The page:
Author Archive: kmonahan

How to get text and graphics from After Effects into Premiere Pro

Replace with AE compAs an editor, I’ve never been totally satisfied with native NLE titling tools. Sure, they’re great for down and dirty lower thirds, but I always end up wanting to animate certain elements of a line of text or some graphics using a dedicated titler or motion graphics package. Using Premiere Pro, you can use dynamic link to get material from After Effects into Premiere Pro. Why not? After Effects is the single greatest tool for creating dynamic titles and motion graphics.

Most people looking to import text or graphics into Premiere Pro probably send the clip or clips to After Effects via the Replace with After Effects Composition command. I’m all about ease of use, and this is a pretty easy way to get this work done. However, there is one issue: I do not like text applied to my clip, I prefer to have text and graphics as separate entities. It gives me more flexibility to make changes to clips without having to redo the text and graphics. Other post-production workflows might require this for various reasons, as well.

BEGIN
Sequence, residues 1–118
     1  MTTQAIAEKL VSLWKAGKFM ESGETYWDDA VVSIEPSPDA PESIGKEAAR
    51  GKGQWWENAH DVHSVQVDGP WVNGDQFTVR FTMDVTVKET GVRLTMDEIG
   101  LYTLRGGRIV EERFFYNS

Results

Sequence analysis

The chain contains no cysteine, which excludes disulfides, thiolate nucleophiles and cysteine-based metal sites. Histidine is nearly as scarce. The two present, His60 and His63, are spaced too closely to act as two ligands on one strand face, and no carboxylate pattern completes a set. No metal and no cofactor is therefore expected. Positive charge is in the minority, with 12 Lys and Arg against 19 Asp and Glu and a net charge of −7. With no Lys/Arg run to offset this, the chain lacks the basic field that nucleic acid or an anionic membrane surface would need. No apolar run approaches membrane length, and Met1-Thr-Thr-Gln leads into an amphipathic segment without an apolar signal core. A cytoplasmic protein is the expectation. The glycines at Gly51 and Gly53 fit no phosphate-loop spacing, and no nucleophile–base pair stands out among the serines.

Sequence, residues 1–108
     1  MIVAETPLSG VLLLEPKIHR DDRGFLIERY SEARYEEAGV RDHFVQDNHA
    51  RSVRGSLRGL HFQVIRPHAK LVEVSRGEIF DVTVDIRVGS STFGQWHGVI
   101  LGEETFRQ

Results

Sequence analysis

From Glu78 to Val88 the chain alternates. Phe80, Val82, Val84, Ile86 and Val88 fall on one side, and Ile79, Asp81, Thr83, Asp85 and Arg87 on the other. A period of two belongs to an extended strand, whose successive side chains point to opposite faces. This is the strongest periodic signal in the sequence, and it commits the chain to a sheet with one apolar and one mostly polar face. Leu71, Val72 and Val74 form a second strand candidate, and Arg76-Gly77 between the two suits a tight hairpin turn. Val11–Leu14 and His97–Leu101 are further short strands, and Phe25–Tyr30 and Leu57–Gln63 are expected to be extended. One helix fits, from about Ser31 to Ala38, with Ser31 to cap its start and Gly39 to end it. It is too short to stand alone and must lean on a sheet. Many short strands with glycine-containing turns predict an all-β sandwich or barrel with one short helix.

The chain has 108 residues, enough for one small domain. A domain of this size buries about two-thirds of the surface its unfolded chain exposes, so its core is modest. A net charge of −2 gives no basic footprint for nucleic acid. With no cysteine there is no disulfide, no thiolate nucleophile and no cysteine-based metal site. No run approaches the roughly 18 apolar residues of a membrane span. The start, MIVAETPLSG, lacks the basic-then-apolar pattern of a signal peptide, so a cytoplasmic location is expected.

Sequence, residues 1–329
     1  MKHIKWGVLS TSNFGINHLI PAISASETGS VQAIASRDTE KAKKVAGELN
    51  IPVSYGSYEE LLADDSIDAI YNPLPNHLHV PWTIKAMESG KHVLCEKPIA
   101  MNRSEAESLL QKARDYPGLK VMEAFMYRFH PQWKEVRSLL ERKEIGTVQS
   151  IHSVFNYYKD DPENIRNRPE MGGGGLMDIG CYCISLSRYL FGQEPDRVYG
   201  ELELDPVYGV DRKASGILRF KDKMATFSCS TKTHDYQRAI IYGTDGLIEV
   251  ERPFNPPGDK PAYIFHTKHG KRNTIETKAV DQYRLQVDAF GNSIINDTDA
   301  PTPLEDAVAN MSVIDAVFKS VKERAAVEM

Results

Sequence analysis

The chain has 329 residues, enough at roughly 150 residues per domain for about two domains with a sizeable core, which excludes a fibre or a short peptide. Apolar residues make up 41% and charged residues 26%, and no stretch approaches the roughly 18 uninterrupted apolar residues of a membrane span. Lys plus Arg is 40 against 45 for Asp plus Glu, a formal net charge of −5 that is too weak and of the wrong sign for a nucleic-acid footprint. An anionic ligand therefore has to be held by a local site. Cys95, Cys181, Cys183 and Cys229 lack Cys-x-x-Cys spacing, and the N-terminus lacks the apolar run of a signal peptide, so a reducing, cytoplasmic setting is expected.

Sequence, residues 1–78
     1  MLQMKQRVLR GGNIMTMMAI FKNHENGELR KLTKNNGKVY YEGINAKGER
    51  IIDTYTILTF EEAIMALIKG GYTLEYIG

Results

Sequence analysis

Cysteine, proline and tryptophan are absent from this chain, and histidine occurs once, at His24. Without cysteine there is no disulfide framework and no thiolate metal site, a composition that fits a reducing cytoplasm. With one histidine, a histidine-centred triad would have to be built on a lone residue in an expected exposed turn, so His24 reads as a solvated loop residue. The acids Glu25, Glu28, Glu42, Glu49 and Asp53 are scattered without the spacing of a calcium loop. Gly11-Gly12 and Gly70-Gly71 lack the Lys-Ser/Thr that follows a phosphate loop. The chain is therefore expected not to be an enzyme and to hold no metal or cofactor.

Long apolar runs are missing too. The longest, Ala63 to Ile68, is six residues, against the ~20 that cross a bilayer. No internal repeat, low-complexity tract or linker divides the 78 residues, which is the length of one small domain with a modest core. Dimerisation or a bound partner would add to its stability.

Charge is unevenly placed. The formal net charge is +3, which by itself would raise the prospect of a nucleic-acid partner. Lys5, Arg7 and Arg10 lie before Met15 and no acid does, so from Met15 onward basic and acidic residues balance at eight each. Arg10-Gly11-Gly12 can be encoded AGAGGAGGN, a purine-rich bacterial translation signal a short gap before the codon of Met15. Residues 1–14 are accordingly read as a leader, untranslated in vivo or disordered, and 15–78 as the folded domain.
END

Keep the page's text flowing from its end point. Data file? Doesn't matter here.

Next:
How do you create text and graphics on their own so that they are not applied to the clip? You can use this trick:

  1. Edit an Adjustment Layer or Transparent Video  in a track above the clip.
  2. Right click (Windows) or Ctrl-click (Mac OS) on the clip or clips and choose “Replace with After Effects Composition.”
  3. Once in After Effects, create the text and/or graphics treatment.
    1. If you are using Transparent Video, delete that layer in After Effects
    2. If you are using an Adjustment Layer, it is not necessary to delete it.
  4. Save the After Effects composition.
  5. The text and/or graphics are now visible in the Premiere Pro sequence.